Stephen Zunes : Human Rights
Peace Review 2000 East Timor’s Tragedy and Triumph (PDF)
Nonviolent action campaigns have been a part of political life for millennia. History records many instances of groups rising to challenge abuses by authorities, demand social reforms, and protest militarism and discrimination. In recent years, however, the number of such movements has increased, as has their success in advancing the cause of human rights and toppling or dramatically reforming repressive regimes. In the twentieth century, nonviolence became more of a deliberate tool for social change, moving from being largely an ad hoc strategy growing naturally out of religious or ethical principles to a reflective and, in many ways, institutionalized method of struggle.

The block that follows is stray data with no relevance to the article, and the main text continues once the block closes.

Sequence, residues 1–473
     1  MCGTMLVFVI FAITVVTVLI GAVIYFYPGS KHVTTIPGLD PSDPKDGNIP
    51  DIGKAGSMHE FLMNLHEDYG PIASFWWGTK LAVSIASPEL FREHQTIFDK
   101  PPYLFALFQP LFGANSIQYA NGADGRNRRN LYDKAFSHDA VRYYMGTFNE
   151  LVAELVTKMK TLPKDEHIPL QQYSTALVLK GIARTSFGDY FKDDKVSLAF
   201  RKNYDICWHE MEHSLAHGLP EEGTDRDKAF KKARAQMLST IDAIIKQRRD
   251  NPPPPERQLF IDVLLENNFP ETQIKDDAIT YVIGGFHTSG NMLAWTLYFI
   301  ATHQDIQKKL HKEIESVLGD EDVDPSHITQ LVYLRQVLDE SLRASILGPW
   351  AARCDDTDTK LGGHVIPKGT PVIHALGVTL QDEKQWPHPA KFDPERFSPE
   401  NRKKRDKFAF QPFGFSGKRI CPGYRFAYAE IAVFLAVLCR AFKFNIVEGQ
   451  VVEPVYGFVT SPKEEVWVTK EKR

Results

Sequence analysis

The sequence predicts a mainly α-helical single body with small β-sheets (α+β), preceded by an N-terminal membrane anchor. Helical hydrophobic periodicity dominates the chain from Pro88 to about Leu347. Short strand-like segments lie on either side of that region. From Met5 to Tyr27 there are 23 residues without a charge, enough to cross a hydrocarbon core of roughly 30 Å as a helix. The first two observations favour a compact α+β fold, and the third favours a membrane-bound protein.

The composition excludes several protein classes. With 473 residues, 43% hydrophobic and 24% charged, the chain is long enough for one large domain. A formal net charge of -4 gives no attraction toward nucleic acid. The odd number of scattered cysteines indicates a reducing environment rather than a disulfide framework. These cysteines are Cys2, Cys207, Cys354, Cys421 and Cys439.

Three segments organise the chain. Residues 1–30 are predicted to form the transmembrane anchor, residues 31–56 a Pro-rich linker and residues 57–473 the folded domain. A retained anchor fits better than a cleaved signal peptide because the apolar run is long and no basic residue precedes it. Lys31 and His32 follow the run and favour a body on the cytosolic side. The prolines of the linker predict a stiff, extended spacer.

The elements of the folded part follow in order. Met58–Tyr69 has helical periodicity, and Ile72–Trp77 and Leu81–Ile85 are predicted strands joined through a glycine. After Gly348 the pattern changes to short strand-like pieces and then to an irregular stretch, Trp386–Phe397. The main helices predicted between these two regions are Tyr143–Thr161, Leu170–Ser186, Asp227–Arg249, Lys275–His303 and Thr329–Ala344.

The muted reaction of Clinton administration officials on the awarding of the Nobel Peace Prize to two human rights activists from East Timor is not simply due to the seeming obscurity of that small Southeast Asian nation. No choice could have been more embarrassing for the United States government.